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How GM could help region; A DECISION by the European Commission that individual member states can make up their own minds about whether they want to grow Genetically Modified may benefit the North East's scientific community, as KAREN DENT reports.

Byline: KAREN DENT

FIELDS of GM crops may not be growing in the North East but research and development behind some of the science looking at ways to feed the increasing global population is flourishing here.

Newcastle University has a reputation as a centre for innovating technologies which could one day transform the way the world is fed.

This issue of food security is one of the key arguments in favour of using GM foods, according to Professor Andrew Cockburn, a toxicologist who runs Toxico-Logical Consulting and has been a visiting professor at Newcastle University for the past decade.

He said: "It's relevant to everyone in the country; it is of global importance.

"Taking politics out of it, if people want to keep biodiversity like rainforests and the tigers in India, we can't extend the agricultural footprint more than we do today or we will damage biodiversity. "More people now live in cities than the countryside. People in cities eat more meat than in the countryside and that pushes agricultural demand.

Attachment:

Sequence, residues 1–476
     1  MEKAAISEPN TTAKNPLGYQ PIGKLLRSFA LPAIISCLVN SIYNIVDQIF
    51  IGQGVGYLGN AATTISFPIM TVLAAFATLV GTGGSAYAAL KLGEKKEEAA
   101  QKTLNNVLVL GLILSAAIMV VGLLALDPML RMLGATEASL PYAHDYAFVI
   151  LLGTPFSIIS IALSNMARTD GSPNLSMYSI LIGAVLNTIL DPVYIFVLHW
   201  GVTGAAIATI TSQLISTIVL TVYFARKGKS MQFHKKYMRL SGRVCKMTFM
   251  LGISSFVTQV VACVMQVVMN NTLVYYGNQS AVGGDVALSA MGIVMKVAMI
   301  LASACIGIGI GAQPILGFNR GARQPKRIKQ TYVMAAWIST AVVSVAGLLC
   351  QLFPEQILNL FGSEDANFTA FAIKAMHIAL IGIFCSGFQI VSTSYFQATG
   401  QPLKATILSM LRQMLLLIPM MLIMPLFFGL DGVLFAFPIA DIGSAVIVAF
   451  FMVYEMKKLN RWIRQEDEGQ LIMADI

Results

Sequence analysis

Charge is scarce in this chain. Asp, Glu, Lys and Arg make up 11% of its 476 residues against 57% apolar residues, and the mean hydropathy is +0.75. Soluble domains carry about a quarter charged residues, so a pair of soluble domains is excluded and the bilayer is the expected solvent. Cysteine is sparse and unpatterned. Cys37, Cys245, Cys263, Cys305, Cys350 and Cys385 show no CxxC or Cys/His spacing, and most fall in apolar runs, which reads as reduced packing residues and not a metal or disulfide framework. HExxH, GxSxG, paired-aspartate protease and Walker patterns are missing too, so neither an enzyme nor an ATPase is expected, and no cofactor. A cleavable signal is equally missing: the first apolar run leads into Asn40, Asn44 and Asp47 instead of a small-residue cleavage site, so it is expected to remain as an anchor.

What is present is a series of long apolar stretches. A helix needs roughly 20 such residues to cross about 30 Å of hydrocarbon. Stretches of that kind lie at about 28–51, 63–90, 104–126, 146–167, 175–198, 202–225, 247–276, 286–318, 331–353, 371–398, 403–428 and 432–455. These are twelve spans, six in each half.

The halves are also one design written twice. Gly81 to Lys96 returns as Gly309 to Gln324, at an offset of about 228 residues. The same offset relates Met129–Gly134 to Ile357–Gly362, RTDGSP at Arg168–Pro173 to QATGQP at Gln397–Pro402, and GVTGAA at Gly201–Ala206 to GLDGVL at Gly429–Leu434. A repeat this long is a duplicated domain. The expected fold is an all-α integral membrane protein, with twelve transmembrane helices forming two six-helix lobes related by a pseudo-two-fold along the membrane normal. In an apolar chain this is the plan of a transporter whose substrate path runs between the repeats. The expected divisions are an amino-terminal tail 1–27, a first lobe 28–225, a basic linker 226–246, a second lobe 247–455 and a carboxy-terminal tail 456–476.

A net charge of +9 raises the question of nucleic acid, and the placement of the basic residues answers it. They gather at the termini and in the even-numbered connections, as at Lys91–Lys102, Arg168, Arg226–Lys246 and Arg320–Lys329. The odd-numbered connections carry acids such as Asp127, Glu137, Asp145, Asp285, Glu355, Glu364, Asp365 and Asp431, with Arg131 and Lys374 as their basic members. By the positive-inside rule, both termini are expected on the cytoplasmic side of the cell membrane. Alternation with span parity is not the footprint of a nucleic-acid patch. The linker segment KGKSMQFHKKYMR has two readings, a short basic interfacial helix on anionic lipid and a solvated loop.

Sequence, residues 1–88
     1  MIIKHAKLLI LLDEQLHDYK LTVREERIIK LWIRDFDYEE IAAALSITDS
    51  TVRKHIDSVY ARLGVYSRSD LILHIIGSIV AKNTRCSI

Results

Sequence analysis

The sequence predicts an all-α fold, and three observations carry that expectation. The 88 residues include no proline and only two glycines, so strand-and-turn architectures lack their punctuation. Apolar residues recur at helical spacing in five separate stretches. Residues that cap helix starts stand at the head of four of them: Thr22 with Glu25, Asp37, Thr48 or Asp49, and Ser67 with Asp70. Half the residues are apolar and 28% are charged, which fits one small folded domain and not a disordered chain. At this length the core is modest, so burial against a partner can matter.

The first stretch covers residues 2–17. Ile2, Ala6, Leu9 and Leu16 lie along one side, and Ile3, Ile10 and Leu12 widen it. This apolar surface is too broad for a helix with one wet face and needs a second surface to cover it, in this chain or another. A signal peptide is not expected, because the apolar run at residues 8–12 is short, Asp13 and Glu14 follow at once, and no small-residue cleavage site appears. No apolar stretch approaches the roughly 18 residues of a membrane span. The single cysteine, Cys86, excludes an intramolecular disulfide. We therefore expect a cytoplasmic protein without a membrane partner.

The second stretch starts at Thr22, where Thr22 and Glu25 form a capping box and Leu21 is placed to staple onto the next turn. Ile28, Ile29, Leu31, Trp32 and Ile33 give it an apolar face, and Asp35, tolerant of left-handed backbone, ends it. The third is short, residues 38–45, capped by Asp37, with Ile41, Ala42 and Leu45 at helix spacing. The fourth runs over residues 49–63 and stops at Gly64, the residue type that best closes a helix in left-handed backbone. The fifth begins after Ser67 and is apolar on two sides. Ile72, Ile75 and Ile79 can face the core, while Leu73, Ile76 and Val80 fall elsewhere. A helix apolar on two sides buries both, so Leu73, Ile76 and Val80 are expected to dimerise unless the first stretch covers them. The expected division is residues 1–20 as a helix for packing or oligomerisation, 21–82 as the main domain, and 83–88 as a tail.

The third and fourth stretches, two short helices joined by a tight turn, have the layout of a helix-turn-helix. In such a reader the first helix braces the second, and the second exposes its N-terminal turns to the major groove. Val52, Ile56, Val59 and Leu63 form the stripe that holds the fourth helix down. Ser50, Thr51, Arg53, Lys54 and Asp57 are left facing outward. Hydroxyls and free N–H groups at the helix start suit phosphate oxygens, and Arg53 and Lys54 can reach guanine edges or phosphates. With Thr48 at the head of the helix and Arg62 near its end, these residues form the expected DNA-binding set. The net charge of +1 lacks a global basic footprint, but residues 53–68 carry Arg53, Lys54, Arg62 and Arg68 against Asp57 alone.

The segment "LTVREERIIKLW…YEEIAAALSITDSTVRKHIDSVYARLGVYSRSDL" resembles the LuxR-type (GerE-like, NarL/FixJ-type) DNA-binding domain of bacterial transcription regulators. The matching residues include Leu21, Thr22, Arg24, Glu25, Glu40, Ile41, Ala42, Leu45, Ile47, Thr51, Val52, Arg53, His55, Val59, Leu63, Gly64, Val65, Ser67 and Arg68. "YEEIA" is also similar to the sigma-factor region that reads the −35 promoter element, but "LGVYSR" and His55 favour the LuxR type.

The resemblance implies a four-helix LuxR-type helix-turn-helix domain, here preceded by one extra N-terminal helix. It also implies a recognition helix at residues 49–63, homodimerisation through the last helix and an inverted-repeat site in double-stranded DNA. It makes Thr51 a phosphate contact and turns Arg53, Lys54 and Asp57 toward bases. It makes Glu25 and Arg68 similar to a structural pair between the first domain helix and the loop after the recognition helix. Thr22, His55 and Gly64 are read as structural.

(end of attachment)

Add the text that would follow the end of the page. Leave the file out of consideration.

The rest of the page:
"The evidence is we are living on 1.5 globes - using the resources of 1.5 planets. But there is no planet B."

He says scientists must find ways to develop agriculture to feed a world population which is estimated to increase from six billion in 2000 to around nine or 10 billion by 2050, while also thinking about the impact of climate change.

Professor Cockburn works with students and staff at Newcastle and is keen to see the university's research turned into technology which is actively used to benefit the region.

"I would like more of the brilliant work coming out of Newcastle to be exploited for Newcastle," he said.

"The importance of chemical engineering, biological engineering and genetic engineering is there for Newcastle and also the rest of the scientific community. "Newcastle has this wonderful innovative history. This is just another form of engineering."